We compared the use of early, minimally invasive ultrafiltration with usual care in patients with acute decompensated heart failure in a randomized controlled trial. Ultrafiltration therapy resulted in greater fluid removal than standard therapy and was shown to be a safe and effective alternative to loop diuretics for sodium and fluid homeostasis in patients with heart failure. More research is needed to identify those patients most likely to benefit from this approach.
We evaluated the performance of the 64-slice spiral computed tomography coronary angiography scanner in 52 symptomatic patients with stable sinus rhythm and found that it was highly reliable in ruling out the presence of a significant coronary stenosis. This technique may be regarded as a suitable alternative to invasive coronary angiography.
Despite advances in cardiac testing, noninvasive methodologies remain limited in their accuracy to (1) determine the etiology of chest pain; (2) detect preclinical coronary artery disease; and (3) track the progression of atherosclerotic lesions in native and revascularized coronary vessels.
Up to 100 sudden deaths occur among high school and college athletes each year in the United States, most commonly resulting from hypertrophic cardiomyopathy and other cardiac disorders. Studies have shown that preparticipation screening examinations that include a 12-lead electrocardiogram, which is not currently required in the United States, can identify asymptomatic athletes with hypertrophic cardiomyopathy. The current dilemma is how the United States, with its large population and emphasis on reducing health care costs, can realistically implement an effective prescreening process to identify these athletes.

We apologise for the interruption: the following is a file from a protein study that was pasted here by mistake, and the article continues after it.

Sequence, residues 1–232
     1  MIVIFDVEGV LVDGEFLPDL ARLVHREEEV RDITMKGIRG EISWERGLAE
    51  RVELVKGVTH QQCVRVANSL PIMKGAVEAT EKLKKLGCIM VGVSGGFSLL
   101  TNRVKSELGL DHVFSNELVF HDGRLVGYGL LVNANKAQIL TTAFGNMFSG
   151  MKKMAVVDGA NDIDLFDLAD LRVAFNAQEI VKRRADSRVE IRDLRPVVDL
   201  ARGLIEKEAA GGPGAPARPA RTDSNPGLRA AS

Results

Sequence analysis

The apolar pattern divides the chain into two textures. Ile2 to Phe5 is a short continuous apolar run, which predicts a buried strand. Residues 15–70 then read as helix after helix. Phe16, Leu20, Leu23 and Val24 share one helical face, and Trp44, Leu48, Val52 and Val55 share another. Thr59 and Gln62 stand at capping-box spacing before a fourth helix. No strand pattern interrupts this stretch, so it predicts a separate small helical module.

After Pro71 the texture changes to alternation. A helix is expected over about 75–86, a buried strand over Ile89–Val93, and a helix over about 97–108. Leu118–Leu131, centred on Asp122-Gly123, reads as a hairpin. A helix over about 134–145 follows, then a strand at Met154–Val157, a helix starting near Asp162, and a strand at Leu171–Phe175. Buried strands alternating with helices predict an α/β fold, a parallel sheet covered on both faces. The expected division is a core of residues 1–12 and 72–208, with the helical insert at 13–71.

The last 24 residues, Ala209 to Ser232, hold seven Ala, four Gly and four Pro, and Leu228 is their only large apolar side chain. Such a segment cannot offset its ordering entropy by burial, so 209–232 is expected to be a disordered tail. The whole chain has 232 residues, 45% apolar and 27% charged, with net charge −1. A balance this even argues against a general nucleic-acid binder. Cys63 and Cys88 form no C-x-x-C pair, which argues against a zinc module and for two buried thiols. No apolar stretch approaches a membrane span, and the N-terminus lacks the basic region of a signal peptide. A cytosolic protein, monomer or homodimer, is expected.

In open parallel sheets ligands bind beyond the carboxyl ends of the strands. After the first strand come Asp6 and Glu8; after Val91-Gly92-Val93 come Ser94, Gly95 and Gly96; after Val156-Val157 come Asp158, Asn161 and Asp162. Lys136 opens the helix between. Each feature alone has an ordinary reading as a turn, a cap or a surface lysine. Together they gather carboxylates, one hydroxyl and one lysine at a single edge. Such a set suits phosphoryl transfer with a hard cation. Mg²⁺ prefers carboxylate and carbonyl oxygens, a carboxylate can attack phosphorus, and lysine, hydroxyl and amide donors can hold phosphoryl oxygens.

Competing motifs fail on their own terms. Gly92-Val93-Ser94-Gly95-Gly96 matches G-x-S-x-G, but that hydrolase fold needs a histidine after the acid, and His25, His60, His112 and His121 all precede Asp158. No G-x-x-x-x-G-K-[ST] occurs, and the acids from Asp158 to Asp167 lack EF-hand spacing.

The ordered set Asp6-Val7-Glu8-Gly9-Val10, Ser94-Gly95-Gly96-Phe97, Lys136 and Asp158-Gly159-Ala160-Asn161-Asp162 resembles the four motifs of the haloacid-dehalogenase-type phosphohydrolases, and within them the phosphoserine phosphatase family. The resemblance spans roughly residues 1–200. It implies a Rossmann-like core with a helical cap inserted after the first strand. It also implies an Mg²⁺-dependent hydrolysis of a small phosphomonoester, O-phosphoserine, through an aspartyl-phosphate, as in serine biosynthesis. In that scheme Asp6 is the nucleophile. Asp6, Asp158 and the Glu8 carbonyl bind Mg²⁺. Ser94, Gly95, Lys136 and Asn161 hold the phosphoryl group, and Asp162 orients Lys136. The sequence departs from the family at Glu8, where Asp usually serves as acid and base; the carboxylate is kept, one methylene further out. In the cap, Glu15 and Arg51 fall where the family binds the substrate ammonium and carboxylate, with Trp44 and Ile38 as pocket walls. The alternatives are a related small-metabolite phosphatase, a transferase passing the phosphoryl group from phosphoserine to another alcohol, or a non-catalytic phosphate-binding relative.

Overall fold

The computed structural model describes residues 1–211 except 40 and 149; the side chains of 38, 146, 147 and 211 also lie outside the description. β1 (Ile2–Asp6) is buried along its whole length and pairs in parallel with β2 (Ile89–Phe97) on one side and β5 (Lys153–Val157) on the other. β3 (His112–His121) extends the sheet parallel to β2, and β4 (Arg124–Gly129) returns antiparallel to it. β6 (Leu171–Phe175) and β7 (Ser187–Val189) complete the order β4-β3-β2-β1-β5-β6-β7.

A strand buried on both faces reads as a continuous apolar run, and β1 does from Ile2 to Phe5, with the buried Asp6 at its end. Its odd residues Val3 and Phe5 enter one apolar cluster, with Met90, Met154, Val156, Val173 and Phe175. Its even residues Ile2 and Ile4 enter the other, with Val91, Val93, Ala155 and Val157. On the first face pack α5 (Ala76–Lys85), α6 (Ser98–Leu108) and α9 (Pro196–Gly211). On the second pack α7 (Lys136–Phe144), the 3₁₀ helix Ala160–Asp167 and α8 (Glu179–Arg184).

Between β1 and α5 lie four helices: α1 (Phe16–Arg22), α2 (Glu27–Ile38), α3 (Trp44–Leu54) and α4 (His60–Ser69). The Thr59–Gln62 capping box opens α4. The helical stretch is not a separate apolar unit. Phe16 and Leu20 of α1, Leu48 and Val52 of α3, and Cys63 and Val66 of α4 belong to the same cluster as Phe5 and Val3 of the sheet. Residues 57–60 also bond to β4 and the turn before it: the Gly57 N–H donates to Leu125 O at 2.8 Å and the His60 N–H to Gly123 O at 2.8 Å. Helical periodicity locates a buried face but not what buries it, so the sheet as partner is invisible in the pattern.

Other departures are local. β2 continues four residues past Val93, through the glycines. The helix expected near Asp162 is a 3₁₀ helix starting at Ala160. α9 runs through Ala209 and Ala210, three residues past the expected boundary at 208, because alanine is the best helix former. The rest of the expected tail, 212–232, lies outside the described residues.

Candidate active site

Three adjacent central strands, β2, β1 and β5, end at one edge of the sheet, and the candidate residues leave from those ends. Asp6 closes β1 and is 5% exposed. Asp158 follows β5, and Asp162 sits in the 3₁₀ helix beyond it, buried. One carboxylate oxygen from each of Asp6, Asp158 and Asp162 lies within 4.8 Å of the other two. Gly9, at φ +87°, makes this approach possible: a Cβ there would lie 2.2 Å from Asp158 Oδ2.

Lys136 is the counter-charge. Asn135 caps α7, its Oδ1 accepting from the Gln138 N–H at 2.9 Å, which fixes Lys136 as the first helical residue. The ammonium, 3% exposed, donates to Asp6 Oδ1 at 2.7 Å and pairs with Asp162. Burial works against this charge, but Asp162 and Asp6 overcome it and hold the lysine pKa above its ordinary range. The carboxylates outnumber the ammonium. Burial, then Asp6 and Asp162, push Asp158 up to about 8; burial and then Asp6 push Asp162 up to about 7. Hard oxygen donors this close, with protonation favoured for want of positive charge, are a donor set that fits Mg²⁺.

When Hank Gathers collapsedon court during a college basketball game against Portland State on March 4, 1990, and later died, the event both jolted the national consciousness and set into motion changes in the athletic preparticipation screening process. Although another collapse had occurred just 4 months before, and an irregular heartbeat was detected at that time, Gathers was not compliant with the prescribed beta blocker and continued to play. An autopsy revealed that the 23-year-old Gathers suffered from cardiomyopathy.
An asymptomatic 66-year-old man with a history of nonobstructing carotid artery plaque and sleep apnea was referred for cardiac computed tomography (CT) scanning for risk stratification. He exercised on a regular basis with no symptoms and had normal results on at least 2 nuclear stress tests, the last test being performed only 12 months earlier.
In this issue, Schubert and Helenowski present a very dramatic instance of an increasingly common application of computed tomography (CT) coronary angiography—detection of an anomalous origin of the coronaries (page 40).